Journal of Obesity & Metabolic Syndrome



Korean J Obes 2005; 14(2): 101-107

Published online April 1, 2005

Copyright © Korean Society for the Study of Obesity.

The influence of parental control over child's weight on child's BMI and weight-related attitudes after 2 years

Kayoung Lee M.D. Ph.D., Yun-Mi Song M.D. Ph.D.*

Department of Family Medicine, Pusan Paik Hospital, Inje Medical School, Inje University, Department of Family Medicine, Samsung Medical Center, Sungkyunkwan University, School of Medicine*


Background: Cross-sectional studies have shown negative relationship between parent's eating restriction for their child and child's adiposity. This prospective cohort study examined the relationships between parents' control over adolescent's weight at the ages of 11~12 with adolescent's BMI and weight-related attitudes 2 years later.
Method: 422 parents and their children at the ages of 11~12 years in 2001 from 5 elementary schools, Busan, participated in this study. Parents completed a survey about their control over their child's weight and children answered to questionnaire about weight-related attitudes (body dissatisfaction, eating attitude, and attempt to diet) 2 years later, children weights and heights were measured at the ages of 11~12 years and 2 years later. Boys or girls' weight status at baseline was classified into overweight and non-overweight by International Obesity Task Force guideline.
Results: Twenty three percent of parents tried to lose their children weight. Sixty five percent of children who were controlled over their weight by their parents were overweight at baseline. Whereas overweight girls were more likely to favor slender body shape compared to overweight boys (P<0.05), there was no difference in eating attitude between overweight boys and girls. Although in overweight boys, those who were controlled over weight by parents had greater BMI at baseline than those who were not controlled by parents (P<0.05), there were no differences in boys or girls' BMI after 2 years, BMI difference over 2 years, and weight-related attitudes after 2 years according to parent's control over child's weight.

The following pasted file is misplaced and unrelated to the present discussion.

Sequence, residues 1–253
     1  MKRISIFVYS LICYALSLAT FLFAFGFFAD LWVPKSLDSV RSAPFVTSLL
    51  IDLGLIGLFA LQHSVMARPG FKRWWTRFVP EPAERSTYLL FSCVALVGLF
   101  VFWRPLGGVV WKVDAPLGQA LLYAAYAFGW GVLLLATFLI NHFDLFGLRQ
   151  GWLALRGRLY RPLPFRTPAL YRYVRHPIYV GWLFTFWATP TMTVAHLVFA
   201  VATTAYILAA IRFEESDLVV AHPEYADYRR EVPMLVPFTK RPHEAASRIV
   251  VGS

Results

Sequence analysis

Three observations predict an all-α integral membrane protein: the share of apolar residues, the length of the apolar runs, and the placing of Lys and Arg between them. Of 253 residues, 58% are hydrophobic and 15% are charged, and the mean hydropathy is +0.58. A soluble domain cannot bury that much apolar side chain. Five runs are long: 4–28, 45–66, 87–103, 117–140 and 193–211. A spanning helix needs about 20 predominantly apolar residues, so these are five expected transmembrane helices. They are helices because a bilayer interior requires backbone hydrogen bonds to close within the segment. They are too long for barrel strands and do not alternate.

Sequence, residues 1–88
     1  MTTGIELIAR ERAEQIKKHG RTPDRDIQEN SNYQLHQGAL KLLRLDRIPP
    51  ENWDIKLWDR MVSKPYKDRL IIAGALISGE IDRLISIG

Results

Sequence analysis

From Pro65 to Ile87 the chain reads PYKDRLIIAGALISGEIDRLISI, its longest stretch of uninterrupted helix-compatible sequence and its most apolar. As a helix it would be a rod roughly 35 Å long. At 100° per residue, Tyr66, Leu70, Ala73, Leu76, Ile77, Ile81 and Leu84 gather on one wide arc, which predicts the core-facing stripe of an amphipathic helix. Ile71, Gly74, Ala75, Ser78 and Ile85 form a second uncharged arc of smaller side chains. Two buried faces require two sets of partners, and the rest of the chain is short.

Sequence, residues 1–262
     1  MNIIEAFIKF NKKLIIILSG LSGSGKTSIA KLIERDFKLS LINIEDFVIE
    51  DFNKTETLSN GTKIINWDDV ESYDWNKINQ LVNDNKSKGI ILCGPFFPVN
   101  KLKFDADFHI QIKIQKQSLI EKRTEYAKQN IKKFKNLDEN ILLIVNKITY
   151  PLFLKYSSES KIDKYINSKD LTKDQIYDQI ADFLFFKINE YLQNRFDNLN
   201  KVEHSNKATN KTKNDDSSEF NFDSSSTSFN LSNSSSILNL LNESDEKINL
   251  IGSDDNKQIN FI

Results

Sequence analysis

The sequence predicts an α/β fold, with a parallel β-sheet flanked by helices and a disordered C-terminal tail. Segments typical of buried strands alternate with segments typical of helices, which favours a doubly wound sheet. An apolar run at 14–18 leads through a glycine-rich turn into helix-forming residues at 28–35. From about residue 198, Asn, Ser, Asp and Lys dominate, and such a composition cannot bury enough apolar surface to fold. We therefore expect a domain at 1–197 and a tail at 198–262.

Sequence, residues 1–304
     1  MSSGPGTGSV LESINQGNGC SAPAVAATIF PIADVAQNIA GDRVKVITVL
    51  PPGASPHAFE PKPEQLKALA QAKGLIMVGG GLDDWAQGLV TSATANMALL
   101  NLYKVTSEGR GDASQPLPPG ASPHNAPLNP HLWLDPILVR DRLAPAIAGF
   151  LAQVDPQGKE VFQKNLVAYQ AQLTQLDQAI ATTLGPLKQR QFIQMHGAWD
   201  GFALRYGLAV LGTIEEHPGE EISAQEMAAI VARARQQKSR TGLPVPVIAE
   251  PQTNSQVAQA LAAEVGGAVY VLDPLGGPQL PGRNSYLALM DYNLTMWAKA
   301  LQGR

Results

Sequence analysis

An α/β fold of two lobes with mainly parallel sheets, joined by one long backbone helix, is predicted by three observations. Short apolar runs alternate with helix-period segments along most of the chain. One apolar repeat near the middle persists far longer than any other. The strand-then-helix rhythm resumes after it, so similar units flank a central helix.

Conclusions: This prospective cohort study suggests parental control over child's weight may not influence on BMI and weight-related attitudes after 2years in boys or girls in early adolescent period.

Keywords: parental control, body mass index, body dissatisfaction, eating attitude, attempt to diet, child.